As the hub of Canada’s Asia Pacific Gateway, B.C. is the strategic point for Canada’s commerce with Asia. With nearly 40 per cent of its goods exported to Asia in 2015, B.C. is the most Asia-focused (in terms of trade) of Canada’s provinces and territories. Much of B.C.’s trade with Asia is with China, and with more than C$17.2 billion in goods traded, China is the province’s second-largest trading partner after the U.S.
Although B.C.’s economy is significantly tied with China, data from the Asia Pacific Foundation of Canada’s 2016 National Opinion Poll (2016 NOP) shows that British Columbians are less likely to support signing a free trade agreement with China than the rest of Canadians. With 40 per cent supporting free trade with China, B.C. is six percentage points lower than the national average at 46 per cent. Even though British Columbians understand the importance of China to Canada’s economic prosperity — with 71 per cent indicating it is highly important — they are still less likely to embrace free trade with the second largest global economy.
British Columbians worry about real estate investments from China
The Bank of Canada’s June 2016 Financial System Review pointed to British Columbia and Ontario’s skyrocketing real-estate markets and prices as imbalanced and unsustainable. As furor over housing prices in B.C.’s largest metropolis reached a fever pitch, many Vancouverites have pointed to purchases of real estate by wealthy Chinese foreign investors as the cause of exacerbating real estate prices.
Whether true or not, 72 per cent of British Columbians believe the Canadian government is allowing too much Chinese real estate investment in Canada. This is 10 percentage points above the national average.
When looking at Ontario, a province facing similar housing issues to B.C., polling data shows similar opinions to B.C. related to real estate investment with China, although less extreme.
In B.C., the 45 per cent with unfavourable, or negative, feelings toward China are even more likely to oppose real estate investment from that country. Of these individuals, 85 per cent indicated that the Canadian government is letting in too much Chinese real estate investment, 13 per cent higher than the B.C. average. While the strength of the connection between feelings about China and acceptance of Chinese real estate investment in B.C. needs a more in-depth review, with the real estate industry accounting for the largest composition (17.7%) of B.C.’s real GDP, it is understandable why this is such a polarizing issue for the province.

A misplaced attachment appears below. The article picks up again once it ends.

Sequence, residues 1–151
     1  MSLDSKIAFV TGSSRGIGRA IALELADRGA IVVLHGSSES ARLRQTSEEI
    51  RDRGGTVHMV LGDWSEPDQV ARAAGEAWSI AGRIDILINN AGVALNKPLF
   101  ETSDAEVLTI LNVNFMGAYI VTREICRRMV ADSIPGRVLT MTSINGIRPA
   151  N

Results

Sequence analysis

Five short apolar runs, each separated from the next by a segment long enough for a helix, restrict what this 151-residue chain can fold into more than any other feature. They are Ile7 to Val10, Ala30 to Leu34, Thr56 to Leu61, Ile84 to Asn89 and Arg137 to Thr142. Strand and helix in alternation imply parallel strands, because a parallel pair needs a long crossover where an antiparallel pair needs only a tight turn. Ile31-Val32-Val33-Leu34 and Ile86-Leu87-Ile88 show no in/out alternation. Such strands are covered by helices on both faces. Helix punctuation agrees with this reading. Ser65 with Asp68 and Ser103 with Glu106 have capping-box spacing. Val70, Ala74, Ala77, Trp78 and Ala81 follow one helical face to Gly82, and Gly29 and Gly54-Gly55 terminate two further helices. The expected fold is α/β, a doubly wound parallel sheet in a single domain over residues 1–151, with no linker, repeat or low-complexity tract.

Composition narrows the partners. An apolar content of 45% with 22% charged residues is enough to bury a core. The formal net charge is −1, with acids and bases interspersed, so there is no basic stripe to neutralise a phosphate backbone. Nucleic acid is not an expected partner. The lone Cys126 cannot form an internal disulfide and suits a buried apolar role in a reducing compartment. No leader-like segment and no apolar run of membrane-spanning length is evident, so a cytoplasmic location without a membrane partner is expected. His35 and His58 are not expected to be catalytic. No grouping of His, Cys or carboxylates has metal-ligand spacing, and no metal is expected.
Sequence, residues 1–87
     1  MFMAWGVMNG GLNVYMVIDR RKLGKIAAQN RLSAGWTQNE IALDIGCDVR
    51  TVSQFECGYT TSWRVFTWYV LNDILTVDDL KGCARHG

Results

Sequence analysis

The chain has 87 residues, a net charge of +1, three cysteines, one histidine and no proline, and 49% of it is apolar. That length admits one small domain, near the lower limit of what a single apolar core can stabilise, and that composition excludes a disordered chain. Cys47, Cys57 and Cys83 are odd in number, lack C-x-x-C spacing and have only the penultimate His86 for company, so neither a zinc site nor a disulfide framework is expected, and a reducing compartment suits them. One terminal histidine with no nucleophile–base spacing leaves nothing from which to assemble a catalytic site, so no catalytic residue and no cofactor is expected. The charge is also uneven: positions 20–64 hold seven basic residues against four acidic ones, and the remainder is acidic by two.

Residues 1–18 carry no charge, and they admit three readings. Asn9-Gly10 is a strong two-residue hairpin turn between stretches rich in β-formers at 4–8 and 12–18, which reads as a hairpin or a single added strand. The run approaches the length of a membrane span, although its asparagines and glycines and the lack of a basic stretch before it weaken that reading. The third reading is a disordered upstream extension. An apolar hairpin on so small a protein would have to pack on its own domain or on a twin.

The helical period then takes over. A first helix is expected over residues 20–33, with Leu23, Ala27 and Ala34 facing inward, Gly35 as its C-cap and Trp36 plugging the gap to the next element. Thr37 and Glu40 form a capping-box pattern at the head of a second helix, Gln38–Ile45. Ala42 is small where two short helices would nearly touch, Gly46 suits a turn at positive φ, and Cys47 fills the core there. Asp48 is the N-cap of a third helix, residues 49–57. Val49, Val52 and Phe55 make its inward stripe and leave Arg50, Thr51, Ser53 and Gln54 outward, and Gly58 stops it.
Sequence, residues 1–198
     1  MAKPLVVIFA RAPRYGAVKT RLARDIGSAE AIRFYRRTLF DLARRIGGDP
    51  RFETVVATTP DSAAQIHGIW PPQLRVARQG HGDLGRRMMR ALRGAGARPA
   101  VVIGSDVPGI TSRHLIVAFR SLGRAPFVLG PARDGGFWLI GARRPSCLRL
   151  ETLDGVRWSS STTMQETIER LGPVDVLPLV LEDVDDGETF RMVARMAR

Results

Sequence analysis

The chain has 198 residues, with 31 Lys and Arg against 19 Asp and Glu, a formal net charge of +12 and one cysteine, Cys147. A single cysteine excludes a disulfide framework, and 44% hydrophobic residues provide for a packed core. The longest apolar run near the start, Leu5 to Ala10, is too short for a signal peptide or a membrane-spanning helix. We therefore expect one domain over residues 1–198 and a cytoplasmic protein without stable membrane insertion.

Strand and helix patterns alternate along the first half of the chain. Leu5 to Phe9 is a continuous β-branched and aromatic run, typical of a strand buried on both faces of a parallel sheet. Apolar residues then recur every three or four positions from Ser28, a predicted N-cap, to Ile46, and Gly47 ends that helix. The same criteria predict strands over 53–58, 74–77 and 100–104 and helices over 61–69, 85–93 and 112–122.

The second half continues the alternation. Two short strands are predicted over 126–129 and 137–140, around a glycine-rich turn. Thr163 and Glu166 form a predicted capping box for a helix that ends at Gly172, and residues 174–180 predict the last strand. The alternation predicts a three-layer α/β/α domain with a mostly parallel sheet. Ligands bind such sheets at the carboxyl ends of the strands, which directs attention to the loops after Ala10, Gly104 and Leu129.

British Columbians are less likely than other Canadians to support investments from Chinese companies
With the Bank of Canada forecasting slow long-term growth in the near future, greater foreign investment could have significant benefits for the Canadian economy. B.C. has always been a highly attractive destination for foreign investments from an economic powerhouse such as China.
Unfortunately, B.C.’s below-average feelings toward China also translates into British Columbians’ attitude on foreign investment from China. In the 2016 NOP, only nine per cent of British Columbians polled support investments from Chinese state-owned enterprises. And while 45 per cent support investments from private Chinese firms, that figure is still 14 per cent lower than some other Canadian provinces.
If the provincial government wants to focus on attracting more foreign investment from China, it must grapple with the differences between British Columbians’ perceptional attitudes and the potential benefits this investment can bring to people within the province.
China is B.C.’s second-largest trading partner, and yet there is a gap between British Columbians’ attitudes towards furthering economic relations with China and China’s economic importance to the province. With China’s growing importance in the Asia Pacific, B.C. will need to find a way of addressing this gap.
Despite the gap, however, B.C. still ranked the highest among provinces in considering Canada to be part of the Asia Pacific. B.C. has proven a strong attachment, whether through trade, immigration, or other channels, with Asia.